4. Should the Austrians be entrusted with procurement and shipment, the Soviet capabilities towards gaining control of the food supply are greatly increased, since:

(a)
They would be in a position to dictate the interruption of shipments through Communist-led strikes at Trieste,
(b)
Through pressure on the Austrian Government, imported reserve stocks could be diverted to storage locations in the Soviet Zone, and to USIA (Soviet administration of properties in Austria) operated factories and processing plants.
(c)
65 percent of the indigenous food supply is produced in the Soviet Zone. [Page 1266]
(d)
By distribution manipulations and intimidation, imported food reserves, now stored in the Western zones, could be dissipated if United States controls were withdrawn,
(e)
Soviet control of the bulk of indigenous produce could no longer be neutralized by US control of imports. This would give the Soviets a controlling voice in quadripartite consideration of the monthly food plans, whereas at present their position is weak, and the US element is dominant. This advantageous US position has resulted in quadripartite agreement on 28 consecutive food plans since the initial food-pooling agreement of 13 December 1946.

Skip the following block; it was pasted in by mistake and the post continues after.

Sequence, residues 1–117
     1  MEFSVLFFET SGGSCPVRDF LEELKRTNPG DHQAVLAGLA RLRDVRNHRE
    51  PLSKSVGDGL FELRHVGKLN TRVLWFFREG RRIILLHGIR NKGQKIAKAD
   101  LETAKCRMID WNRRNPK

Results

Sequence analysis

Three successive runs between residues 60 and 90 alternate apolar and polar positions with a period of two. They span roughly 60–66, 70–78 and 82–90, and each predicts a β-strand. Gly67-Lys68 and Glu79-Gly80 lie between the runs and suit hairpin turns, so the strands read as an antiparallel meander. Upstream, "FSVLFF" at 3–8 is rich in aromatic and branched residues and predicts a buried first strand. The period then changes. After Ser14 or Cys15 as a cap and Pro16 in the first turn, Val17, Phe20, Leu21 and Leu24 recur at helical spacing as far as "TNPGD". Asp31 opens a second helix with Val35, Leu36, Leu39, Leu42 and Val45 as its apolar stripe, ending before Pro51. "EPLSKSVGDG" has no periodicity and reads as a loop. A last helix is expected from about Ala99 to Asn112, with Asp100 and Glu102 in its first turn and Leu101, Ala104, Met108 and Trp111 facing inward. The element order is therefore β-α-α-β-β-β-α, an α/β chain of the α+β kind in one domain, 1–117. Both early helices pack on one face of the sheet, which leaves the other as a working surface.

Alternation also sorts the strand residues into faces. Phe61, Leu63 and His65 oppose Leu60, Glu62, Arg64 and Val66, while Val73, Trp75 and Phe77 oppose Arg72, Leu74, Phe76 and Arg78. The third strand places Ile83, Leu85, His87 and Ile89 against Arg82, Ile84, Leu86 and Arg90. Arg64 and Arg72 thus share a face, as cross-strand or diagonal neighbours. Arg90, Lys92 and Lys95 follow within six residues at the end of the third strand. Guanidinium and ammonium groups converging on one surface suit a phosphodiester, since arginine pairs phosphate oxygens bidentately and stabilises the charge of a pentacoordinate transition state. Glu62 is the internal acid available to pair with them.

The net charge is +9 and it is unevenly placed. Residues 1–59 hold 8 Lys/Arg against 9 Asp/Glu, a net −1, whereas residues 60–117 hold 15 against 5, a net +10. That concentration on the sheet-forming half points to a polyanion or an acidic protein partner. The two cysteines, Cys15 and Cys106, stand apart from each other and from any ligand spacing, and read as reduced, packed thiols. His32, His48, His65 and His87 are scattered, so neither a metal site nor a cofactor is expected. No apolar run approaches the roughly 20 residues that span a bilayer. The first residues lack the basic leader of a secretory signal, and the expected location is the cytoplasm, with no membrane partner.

(f)
The Soviets would gain veto power over all those food supply operations now controlled by the United States.

5. It is our position that supervision and control of the food situation can be exercised to the best interests of the United States and Austria through the present system of releases based on Allied Council approved food plans, for definite commodities, covering definite periods, for definite provinces, with strict control of imported stocks. In an interview with the Chancellor on 15 February, he stated that as long as quadripartite decisions are required, he did not wish to see the United States relinquish its control of procurement and shipping. We cannot see any real political advantages in turning over to Austrians these functions, and there are dangerous economic disadvantages in giving up the High Commissioner’s most powerful weapon in the struggle for Austria. I am convinced that the proposed turnover is premature, and would be advantageous only to the Soviet element.